For Ayka, Yeslyamova reconnected with director Sergey Dvortsevoy (the pair worked on the flim Tulpan together in 2008). “For an actress”, she explains, “it’s very important to believe in the director and to have that trust. We have that from our first film together. It was easy [filming Ayka] because we already understood each other very well. I felt protected and able to concentrate on the film and the character”. 

Such concentration led her to prepare not only mentally, but physically, for the role. “I would run around and appear exhausted” before the cameras rolled, the heavy breathing and  apparent enervation contributing to her efforts to bring Ayka to life.  

The role was not without its challenges, most important of which (to both Yeslyamova and director Dvortsevoy) was “to make women all over the world believe in the situation; to believe in the character”. The plausibility, she continues, came with achieving it organically. “Sometimes people even think it’s a documentary. That is a great compliment, when people understand that it is a performance, but at the same time they do not understand how it is possible to be so close to real life and the real character. You do not feel this borderline between actor and human”. 

Now with her second award and critics from the Hollywood Reporter and the British Film Institute singing her praises, Yeslyamova’s ambitions for further projects are no longer goals, but realities. In the pipeline are a Russian film based in Moscow, and the upcoming sequel to Chinese Canadian co-production, Wolf Totem.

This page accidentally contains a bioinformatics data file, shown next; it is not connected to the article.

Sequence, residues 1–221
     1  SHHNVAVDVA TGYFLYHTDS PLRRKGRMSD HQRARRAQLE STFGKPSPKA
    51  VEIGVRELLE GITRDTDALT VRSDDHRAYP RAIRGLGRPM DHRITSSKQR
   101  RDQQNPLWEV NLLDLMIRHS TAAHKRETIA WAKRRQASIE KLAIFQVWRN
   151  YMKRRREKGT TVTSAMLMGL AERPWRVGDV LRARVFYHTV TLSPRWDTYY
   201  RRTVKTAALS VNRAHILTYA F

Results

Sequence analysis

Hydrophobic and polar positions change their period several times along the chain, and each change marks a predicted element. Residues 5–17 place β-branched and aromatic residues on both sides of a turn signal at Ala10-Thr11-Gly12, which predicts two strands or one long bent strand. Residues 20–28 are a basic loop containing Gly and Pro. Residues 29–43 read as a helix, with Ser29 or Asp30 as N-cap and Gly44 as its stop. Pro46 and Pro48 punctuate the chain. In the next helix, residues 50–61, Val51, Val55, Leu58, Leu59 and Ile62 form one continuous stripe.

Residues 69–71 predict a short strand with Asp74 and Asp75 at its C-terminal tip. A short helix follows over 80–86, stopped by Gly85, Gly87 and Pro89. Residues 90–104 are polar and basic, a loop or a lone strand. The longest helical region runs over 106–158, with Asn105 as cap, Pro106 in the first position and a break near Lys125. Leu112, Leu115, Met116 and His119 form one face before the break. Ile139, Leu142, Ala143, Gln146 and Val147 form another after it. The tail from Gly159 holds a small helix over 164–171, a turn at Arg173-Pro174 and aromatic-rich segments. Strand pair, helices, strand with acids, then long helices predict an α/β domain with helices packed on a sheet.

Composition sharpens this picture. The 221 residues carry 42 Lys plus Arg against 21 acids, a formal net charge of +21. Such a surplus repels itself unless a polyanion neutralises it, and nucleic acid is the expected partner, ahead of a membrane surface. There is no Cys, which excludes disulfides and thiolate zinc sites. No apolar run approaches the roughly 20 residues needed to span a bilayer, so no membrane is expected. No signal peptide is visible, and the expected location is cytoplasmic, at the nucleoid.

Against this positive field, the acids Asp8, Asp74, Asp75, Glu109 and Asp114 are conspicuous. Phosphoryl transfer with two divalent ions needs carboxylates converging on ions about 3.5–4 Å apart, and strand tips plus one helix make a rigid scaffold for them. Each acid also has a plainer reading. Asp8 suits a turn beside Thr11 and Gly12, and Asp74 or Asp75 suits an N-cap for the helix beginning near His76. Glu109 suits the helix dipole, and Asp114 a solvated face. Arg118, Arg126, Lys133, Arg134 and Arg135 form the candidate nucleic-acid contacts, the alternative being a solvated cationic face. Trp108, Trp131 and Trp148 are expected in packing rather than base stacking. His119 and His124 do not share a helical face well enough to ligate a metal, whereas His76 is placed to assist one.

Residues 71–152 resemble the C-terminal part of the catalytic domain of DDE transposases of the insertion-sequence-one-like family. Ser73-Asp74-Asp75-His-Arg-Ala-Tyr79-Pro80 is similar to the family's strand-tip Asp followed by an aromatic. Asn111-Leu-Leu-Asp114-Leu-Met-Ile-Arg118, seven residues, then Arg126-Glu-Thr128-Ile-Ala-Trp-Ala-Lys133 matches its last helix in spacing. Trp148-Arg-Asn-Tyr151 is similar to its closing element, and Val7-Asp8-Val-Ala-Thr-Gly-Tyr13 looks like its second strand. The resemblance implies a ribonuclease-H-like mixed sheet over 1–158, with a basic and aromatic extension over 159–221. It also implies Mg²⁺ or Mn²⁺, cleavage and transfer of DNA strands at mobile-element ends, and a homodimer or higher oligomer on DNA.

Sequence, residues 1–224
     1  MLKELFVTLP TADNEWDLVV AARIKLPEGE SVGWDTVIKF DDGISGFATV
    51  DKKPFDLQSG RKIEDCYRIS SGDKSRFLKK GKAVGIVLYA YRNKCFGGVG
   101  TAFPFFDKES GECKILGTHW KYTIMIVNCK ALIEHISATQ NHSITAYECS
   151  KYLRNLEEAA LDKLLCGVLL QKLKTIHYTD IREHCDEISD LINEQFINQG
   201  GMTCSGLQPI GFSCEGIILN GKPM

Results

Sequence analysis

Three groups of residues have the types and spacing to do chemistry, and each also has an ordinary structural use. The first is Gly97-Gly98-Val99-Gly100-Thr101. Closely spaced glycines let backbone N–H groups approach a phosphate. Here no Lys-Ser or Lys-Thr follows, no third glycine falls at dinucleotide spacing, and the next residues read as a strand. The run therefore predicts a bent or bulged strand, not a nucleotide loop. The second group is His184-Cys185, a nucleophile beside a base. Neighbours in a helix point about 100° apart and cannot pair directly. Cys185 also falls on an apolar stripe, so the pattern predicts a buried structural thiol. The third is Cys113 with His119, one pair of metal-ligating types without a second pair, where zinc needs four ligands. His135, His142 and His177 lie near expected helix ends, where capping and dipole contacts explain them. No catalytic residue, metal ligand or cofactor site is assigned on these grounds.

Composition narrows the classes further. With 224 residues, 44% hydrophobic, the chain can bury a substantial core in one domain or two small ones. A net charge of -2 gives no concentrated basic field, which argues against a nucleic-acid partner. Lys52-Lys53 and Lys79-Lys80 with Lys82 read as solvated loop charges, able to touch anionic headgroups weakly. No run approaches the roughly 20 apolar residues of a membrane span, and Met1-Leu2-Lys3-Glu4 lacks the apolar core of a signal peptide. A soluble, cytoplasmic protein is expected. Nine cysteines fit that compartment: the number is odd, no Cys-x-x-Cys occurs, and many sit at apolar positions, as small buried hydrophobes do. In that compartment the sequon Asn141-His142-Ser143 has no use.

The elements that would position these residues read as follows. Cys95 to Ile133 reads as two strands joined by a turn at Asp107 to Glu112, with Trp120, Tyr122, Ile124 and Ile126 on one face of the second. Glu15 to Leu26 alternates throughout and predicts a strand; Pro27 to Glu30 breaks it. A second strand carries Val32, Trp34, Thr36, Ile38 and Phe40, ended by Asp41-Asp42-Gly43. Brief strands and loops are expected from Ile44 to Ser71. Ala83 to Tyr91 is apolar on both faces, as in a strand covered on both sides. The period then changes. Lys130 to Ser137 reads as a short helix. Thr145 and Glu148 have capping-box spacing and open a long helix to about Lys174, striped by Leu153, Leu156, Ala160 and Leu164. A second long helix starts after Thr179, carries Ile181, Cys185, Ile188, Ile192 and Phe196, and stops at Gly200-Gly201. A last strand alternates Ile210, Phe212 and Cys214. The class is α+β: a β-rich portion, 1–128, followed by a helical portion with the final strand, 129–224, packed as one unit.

But as she prepares to take on new challenges, is she ready to leave Ayka behind? An approach to acting as immersive as Yeslyamova’s can leave a lasting impression, long after the production has ceased. “It’s like when you read a book,” she explains. “It can be very interesting and very close to you, but you know you are reading. Acting is the same. You are inside but at the same time, you know that you are watching from the outside”.

The development of her skills as an actress is a continuing process. “I am still learning”, she says. “Learning my nature, how deep I can be, and how close to a character I can get”. Famed acting teacher Sanford Meisner is known to have said, “Acting is behaving truthfully under imaginary circumstances”. Truer words could not be said of Yeslyamova’s approach, who clearly has more up her sleeve.